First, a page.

The Roman winegrowers had vision, and they established a fabulous terroir. But when they left, followed by the Byzantines, the vine lost its patron and only several monasteries from the time of the Crusades still produced wines.
In 1928, a peasant discovered a tombstone close to Lattaquie, which in turn revealed the site of Ougarit, known today as Ras Chamra. This ancient Levantine city had given its name to a kingdom that was the link between the Mediterranean and Mesopotamia, the Hittite empire and Egypt. Cultivated and open to the world, this society produced an uncommonlyrich civilization, confirmed by the discovery here of one of the world’s first cuneiform alphabets.
Ougarit’s economy was essentially agricultural, centred on cereal crops, olives and vines. In his book, “Ougarit and the great powers”, historian Michael Astour tells that “the slopes of Mount Bargylus were covered with vineyards and olive groves”.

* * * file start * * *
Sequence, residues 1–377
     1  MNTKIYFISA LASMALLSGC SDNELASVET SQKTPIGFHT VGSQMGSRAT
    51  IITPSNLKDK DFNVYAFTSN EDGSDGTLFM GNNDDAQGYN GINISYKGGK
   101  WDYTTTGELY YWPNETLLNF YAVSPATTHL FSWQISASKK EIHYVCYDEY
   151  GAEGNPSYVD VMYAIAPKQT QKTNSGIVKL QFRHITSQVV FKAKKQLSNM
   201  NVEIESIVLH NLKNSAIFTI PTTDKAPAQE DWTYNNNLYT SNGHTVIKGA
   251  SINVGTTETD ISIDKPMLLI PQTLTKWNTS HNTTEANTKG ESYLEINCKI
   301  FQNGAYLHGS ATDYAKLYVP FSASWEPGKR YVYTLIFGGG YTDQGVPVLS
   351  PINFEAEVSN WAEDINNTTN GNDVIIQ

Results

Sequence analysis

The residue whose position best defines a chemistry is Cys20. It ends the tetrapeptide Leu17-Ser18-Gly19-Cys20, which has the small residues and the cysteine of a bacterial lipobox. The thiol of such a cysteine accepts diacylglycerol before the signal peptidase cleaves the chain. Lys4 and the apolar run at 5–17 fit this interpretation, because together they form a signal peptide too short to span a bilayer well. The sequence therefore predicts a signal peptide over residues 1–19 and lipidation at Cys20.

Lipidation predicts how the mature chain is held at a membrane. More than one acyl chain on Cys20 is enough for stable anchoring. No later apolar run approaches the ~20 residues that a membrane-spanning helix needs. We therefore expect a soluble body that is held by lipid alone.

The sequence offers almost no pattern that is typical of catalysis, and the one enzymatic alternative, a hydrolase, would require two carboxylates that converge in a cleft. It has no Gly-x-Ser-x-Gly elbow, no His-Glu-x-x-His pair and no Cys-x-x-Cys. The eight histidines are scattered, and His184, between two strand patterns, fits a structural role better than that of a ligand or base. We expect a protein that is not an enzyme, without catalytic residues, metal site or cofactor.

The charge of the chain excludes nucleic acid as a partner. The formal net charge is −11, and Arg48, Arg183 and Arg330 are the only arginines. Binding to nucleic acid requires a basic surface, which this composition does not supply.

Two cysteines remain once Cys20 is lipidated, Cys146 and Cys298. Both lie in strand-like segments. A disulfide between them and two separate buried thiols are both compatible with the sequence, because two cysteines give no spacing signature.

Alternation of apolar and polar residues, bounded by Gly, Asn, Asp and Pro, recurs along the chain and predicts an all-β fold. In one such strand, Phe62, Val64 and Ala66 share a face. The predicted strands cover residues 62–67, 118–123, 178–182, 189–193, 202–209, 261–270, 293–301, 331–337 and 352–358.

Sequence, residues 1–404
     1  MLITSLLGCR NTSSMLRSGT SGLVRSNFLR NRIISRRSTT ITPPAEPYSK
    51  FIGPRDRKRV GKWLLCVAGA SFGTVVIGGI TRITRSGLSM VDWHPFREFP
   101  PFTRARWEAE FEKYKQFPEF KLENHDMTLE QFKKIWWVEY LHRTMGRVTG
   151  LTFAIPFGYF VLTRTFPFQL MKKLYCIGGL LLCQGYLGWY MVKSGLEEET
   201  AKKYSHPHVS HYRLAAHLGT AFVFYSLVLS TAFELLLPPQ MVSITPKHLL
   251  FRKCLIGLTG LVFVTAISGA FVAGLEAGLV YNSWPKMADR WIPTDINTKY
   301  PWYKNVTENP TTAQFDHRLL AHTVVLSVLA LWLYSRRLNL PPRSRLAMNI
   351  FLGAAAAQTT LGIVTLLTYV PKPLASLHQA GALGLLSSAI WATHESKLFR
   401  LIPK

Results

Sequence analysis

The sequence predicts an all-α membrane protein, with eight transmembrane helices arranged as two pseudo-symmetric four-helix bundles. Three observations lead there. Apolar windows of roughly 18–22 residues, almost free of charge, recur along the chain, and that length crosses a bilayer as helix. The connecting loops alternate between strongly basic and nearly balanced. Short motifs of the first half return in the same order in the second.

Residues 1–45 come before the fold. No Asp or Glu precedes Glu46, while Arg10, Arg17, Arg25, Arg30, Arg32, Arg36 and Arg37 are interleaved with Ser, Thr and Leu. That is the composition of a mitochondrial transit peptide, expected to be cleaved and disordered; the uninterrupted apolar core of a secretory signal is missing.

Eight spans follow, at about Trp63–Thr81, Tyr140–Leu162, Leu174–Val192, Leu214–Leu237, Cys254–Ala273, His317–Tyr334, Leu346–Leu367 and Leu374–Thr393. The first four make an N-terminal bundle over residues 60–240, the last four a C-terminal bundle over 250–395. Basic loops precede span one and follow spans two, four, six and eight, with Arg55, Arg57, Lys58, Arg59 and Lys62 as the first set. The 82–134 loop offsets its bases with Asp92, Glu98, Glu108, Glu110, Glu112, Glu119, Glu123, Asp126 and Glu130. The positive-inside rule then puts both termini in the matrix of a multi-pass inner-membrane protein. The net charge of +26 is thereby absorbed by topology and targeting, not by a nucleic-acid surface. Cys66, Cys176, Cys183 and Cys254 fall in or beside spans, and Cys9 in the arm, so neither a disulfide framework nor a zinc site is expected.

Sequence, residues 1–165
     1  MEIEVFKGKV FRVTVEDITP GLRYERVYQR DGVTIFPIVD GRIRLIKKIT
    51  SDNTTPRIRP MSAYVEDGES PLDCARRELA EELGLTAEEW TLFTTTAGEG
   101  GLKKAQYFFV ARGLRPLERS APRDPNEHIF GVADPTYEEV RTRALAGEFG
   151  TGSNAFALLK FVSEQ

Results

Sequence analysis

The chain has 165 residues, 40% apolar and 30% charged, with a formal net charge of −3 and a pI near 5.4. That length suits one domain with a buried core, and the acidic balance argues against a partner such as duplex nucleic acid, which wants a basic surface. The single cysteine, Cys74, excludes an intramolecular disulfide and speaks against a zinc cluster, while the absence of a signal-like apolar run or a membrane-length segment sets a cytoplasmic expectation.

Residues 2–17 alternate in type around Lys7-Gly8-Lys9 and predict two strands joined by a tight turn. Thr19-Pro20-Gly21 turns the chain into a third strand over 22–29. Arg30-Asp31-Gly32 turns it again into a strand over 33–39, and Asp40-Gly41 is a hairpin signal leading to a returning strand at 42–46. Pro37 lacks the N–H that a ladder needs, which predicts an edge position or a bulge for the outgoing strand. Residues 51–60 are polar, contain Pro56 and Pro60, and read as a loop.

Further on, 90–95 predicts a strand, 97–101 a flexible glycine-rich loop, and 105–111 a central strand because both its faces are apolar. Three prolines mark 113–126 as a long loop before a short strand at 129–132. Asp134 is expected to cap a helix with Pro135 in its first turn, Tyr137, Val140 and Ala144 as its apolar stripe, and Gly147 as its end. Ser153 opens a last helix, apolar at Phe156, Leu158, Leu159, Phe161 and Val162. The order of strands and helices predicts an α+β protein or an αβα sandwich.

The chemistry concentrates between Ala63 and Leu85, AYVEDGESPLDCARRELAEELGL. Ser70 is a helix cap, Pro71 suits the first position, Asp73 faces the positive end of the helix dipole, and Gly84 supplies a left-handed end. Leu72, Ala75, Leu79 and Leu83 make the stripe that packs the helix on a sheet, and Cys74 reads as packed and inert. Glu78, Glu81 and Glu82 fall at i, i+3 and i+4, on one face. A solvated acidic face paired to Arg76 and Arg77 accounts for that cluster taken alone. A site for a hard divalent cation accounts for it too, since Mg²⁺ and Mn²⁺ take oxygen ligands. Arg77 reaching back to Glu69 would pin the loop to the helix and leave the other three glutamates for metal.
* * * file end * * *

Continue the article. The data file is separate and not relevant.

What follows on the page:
In this fertile maritime Syria with its temperate climate, Phoenicians and Romans found what they needed to create a cradle for the civilisation of wine. From Ougarit in the north and further south from Laodicea (today Lattaquie) wines were exported to Egypt, Greece and Rome. As the ancient Greek geographer Strabo wrote “Laodicea supplied Alexandria with the larger part of the wine it consumed.”
On the tree-lined Bargylus peaks, there remains one visible vestige of this ancient vine-growing enterprise. At the foot of a levelled mound are fermentation tanks dug out of the limestone rock by the Romans.
Domaine de Bargylus is the Johnny R. Saadé family’s project to revive this vineyard that was planted by the Romans 2000 years ago – to honour this ancient terroir and create a great wine. Respect for nature, ambition and passion are all plainly evident here. The project commenced in 2004.